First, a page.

IMG 4668The 3rd Annual Community Engagement Institute (CEI) drew participants from as far away as Nigeria, New York City, Virginia, Tennessee, and Mississippi to join Alabamians in exploring “The Journey to Justice: Expanding the Possibilities.” The daylong educational and training event took place on Friday, Oct. 14th, bringing together academic and community researchers, leaders, advocates, organizers, funders, and students to exchange ideas, build skills, and meet potential collaborators.

Nearly 170 people filled the East Ballroom of the Birmingham Jefferson Convention Complex to hear from CEI’s first keynote speaker of the day, Kevin Powell. Political activist, writer, poet, and entrepreneur, Powell delivered a powerful presentation describing his personal journey to justice juxtaposed against four decades plus of tumultuous American history. Comparing 2016 to the civil rights watershed year 1968, he called for “courageous conversations” and greater “empathy and compassion” to get beyond the racist, sexist, and socioeconomic stereotyping underlying the violence in our country. “Justice,” he said, “must be inclusive of everyone’s culture.”

Representative Jeramay Anderson, who became the youngest African America ever elected to a U.S. legislative body when he won a seat in the Mississippi House of Representatives in 2013, explored the role of justice in “making America exceptional” in his keynote presentation at lunch. “Justice is giving every child a shot, no matter their zip code, because justice is not only the absence of oppression, but the presence of opportunity” he said. He noted that “with the $80 billion spent annually to keep people incarcerated in the U.S. we could have universal pre-k for every child in this country, when every dollar we invest doubles in value.”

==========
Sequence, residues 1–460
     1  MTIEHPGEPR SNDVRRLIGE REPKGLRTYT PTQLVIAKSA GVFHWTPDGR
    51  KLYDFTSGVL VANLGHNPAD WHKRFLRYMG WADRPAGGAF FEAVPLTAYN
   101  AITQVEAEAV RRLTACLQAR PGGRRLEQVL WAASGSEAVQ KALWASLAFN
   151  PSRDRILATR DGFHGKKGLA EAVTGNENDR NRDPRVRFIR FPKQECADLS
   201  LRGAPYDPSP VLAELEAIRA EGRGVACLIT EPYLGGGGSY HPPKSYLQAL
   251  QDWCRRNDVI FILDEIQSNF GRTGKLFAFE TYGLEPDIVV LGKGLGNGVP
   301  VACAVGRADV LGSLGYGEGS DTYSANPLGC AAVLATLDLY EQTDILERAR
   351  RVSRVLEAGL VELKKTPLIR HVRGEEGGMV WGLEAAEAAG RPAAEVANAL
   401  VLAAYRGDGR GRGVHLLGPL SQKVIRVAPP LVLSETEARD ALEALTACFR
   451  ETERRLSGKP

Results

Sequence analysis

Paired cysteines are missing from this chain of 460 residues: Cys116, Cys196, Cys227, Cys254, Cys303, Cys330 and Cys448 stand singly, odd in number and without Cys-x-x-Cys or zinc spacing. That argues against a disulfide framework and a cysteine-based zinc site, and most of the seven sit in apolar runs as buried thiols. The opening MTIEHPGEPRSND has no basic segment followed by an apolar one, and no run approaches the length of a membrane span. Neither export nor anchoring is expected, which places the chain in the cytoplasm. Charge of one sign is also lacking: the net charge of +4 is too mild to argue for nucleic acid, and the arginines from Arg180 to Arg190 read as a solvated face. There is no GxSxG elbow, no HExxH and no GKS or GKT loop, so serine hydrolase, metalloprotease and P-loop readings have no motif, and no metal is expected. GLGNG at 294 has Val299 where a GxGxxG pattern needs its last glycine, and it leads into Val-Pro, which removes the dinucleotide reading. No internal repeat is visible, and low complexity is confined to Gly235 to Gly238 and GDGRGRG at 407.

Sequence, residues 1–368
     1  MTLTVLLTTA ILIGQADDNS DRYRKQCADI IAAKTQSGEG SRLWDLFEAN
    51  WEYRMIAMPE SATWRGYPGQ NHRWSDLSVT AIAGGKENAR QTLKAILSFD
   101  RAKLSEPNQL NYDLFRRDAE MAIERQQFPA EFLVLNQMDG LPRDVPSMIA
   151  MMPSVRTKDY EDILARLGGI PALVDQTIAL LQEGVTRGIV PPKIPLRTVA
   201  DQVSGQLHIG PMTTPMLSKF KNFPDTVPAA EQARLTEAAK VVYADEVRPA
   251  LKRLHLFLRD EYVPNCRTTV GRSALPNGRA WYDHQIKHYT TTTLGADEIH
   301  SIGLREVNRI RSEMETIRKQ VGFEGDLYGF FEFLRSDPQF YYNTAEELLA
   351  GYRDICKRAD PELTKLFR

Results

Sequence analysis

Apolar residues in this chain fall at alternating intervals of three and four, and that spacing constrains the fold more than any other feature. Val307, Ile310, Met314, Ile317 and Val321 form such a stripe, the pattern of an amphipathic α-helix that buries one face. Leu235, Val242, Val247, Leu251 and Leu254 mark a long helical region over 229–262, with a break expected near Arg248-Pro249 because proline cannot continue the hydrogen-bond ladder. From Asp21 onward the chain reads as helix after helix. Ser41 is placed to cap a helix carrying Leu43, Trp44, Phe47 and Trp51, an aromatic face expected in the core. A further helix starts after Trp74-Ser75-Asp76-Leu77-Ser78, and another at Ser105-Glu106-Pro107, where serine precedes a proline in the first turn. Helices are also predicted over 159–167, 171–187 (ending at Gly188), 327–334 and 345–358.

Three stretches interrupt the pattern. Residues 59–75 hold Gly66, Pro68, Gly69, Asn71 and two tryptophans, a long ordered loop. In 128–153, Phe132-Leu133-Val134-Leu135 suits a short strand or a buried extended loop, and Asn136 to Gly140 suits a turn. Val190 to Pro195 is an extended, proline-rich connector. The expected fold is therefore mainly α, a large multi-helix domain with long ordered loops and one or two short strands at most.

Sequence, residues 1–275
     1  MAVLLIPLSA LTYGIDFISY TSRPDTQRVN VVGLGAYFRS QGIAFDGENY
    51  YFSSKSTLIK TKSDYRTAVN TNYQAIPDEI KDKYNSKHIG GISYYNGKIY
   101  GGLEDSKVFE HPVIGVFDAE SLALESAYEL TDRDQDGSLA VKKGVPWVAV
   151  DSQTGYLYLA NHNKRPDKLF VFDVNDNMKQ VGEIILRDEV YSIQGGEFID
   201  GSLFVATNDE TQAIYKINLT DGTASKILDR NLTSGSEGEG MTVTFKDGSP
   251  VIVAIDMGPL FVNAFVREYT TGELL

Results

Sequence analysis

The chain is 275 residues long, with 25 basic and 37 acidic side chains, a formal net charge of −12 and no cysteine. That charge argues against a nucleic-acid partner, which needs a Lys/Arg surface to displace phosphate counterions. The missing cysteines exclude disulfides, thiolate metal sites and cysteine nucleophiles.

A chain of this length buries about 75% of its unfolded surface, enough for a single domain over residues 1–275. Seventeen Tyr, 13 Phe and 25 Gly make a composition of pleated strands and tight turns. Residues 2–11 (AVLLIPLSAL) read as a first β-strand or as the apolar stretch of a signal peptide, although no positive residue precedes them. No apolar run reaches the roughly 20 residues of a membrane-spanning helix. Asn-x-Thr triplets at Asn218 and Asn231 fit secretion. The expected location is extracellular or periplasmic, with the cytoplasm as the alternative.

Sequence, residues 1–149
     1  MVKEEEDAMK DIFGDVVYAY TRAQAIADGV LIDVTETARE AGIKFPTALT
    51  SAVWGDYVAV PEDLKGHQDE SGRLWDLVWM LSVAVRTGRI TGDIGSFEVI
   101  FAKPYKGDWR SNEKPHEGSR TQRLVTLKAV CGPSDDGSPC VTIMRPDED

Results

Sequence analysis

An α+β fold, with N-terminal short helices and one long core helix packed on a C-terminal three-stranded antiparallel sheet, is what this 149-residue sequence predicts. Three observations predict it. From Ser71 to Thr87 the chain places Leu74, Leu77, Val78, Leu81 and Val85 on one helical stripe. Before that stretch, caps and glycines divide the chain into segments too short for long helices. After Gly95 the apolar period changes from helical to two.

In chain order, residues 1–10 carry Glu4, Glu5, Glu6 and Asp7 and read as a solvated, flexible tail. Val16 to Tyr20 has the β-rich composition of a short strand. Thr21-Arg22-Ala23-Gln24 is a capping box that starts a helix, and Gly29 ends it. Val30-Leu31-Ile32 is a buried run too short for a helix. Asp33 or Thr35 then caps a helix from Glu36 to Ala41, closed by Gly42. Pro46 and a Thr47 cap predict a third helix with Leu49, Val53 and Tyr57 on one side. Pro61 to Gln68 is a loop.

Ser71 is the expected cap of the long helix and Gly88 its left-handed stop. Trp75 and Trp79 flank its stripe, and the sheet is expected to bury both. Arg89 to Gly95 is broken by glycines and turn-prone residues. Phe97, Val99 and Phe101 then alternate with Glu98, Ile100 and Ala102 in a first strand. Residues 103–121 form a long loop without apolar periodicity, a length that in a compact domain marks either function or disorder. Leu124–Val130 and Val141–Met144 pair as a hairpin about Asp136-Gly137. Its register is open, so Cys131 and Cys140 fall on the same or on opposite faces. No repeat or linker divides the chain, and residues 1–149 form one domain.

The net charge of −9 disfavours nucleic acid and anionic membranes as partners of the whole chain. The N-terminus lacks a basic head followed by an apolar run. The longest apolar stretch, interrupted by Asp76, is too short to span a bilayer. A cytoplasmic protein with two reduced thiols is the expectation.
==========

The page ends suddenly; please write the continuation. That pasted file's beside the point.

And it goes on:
The CEI breakout sessions provided opportunities for attendees to explore their personal biases; learn how to talk about social determinants of health and disparities without causing groups to polarize along political, socioeconomic, religious, or cultural lines; hear lessons learned from a program cultivating youth for social justice; and delve deeper into the causes of urban blight and brainstorm strategies to improve the health of those living in blighted neighborhoods.

This year’s poster session featured a mix of research findings, program evaluation, and professional skills development. Attendees networked with poster presenters and each other while learning about diverse public health topics, including cognitive programs for breast cancer survivors, social network analysis for evaluating community health collaboration, rural health initiatives for aging African Americans with heart disease, the impact of community health workers on an uninsured diabetes population, methodological advances in behavioral and community HIV/AIDS research, and HPV vaccination among college students.

Max Michael, MD, dean of the UAB School of Public Health, said he was encouraged by the broad range of organizations, disciplines, and backgrounds of this year’ participants, because “that diversity reflects the communities we live in and must inform our discussions of justice and how to make meaningful changes that will improve public health.” He was especially heartened to note the number of millennials who attended, “bringing their energy, passion, and new ideas.”

CEI is hosted by the CCTS community engagement component, One Great Community (OGC), and the UAB Center for the Study of Community Health’s Jefferson County Community Participation Board. OGC Director Dr. Shauntice Allen noted “there is so much to do” but encouraged attendees to “please think about what you are able to do to move the needle on justice. I hope today has helped you to stretch your thinking.”
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